“One day I got a call from Mary Cheney, who said, ‘Dad and I were talking about his team to go on the road with him for the campaign, and your name came up. We’d love to have you join us on the campaign trail,’” he said.
“I thought, ‘That works. I can do that.’ It was an experience that was an honor to do. Whether you’re a Democrat or Republican, I think we all should support the political process and the candidates of our choice.”
When Bush and Cheney won re-election, Calvaruso and his wife went to Washington, D.C., and worked on the inaugural committee.
“I was overall team lead, and she was head of the press operations. Part way through the administration, they figured out we made a great team and let us work together. We work incredibly well together,” he said. “During the inaugural committee, we shared an office in Washington.”
The committee, he said, works to organize “the events and the ball, and any function regarding the celebration. The swearing in ceremony is run by Congress. I was involved with some of the events and the ticketing. Since I was a banker, they entrusted me with the ticket vaults — banker, trustworthy, tickets,” he laughed. “As soon as the inaugural is done, that ends, so Jan. 20, it just ends.”
During his political volunteering career, Calvaruso travelled around the world to prepare the way for Vice President Cheney. In his last year, he found himself traveling to Tanzania, Egypt, Turkey and the Republic of Georgia while the latter was at war.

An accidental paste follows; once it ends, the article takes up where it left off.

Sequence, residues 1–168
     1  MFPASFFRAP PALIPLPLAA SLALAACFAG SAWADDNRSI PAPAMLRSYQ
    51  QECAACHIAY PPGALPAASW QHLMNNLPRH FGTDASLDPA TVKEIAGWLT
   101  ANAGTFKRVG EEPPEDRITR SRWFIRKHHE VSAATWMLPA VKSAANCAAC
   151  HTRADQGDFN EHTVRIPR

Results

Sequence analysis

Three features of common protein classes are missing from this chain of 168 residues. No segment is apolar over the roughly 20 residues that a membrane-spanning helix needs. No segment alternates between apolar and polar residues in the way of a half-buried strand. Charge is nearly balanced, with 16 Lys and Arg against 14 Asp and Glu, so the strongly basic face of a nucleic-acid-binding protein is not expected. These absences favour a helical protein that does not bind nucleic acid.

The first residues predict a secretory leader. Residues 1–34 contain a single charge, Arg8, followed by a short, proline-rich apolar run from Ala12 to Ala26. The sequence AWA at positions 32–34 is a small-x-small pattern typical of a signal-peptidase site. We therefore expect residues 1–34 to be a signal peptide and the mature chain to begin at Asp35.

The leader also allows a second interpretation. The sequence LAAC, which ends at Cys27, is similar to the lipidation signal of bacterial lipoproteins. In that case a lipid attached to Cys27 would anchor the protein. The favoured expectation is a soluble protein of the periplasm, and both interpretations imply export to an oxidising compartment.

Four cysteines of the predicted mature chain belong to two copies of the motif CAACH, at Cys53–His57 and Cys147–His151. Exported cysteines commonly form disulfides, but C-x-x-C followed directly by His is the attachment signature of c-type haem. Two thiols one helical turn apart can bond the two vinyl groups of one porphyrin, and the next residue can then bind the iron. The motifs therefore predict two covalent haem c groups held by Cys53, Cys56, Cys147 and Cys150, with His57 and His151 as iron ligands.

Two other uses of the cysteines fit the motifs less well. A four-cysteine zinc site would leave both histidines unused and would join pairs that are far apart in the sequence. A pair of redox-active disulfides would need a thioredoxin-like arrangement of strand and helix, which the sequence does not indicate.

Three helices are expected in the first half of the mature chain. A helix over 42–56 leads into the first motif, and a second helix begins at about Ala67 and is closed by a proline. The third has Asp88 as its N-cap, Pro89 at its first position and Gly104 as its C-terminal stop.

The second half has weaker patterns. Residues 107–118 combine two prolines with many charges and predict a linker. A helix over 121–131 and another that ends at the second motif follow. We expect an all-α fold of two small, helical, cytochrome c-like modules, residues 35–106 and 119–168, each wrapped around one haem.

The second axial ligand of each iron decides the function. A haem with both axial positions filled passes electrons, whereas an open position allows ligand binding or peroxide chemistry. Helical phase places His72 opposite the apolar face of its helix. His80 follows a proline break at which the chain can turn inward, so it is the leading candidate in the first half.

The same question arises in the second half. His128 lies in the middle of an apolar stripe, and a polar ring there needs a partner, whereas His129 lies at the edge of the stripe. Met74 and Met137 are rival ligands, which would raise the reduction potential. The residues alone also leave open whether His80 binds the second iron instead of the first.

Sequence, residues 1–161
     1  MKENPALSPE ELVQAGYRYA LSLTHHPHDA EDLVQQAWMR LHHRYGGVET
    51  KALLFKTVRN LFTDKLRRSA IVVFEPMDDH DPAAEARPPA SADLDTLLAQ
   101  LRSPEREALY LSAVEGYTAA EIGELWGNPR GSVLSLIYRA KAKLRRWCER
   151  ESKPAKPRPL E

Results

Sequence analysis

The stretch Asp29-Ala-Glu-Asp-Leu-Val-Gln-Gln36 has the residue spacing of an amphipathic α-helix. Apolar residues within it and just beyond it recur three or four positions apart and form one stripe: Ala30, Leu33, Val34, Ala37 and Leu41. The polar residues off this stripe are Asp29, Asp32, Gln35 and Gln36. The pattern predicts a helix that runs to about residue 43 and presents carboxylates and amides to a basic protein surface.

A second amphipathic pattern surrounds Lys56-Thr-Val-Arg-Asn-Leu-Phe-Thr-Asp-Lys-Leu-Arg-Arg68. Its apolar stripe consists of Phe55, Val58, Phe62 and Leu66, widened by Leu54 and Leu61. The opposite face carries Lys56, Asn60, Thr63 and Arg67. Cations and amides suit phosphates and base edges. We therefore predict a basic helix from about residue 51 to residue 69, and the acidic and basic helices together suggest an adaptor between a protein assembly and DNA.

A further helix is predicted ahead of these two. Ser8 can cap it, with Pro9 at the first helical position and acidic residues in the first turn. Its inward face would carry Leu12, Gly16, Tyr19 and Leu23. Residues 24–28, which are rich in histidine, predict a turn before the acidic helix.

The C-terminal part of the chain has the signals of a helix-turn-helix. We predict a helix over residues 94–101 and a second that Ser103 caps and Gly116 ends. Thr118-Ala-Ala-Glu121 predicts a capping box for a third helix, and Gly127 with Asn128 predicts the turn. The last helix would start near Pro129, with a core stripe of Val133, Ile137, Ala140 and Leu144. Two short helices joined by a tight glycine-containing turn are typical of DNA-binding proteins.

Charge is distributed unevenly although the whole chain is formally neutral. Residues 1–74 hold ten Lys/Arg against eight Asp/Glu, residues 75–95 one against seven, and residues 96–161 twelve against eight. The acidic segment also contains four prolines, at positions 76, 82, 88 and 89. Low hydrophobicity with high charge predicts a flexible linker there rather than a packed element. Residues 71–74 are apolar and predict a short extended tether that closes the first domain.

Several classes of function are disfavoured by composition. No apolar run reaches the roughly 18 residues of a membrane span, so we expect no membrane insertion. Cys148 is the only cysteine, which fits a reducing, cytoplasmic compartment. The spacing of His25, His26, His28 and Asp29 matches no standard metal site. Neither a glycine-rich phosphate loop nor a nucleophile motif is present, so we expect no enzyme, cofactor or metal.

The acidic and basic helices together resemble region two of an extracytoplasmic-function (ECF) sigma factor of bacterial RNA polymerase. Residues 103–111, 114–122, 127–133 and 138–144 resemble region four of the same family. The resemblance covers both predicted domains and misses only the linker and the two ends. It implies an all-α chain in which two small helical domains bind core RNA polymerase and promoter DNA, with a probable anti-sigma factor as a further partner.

“What I found very rewarding was how much the Republic of Georgia, the people, loved us and wanted us there. The greeting we had … you could see hundreds of thousands of people lining the street waving U.N. flags and U.S. flags, doing high fives and thanking us for being there. And those were flags that they (had) — those weren’t something that we did. They were not planted. It was something that they had done,” he said.
“In Tanzania, the respect the Tanzanians have for President Bush and the presidency, in general, goes back years, for the help and the respect that the U.S. has helped the citizens of that country.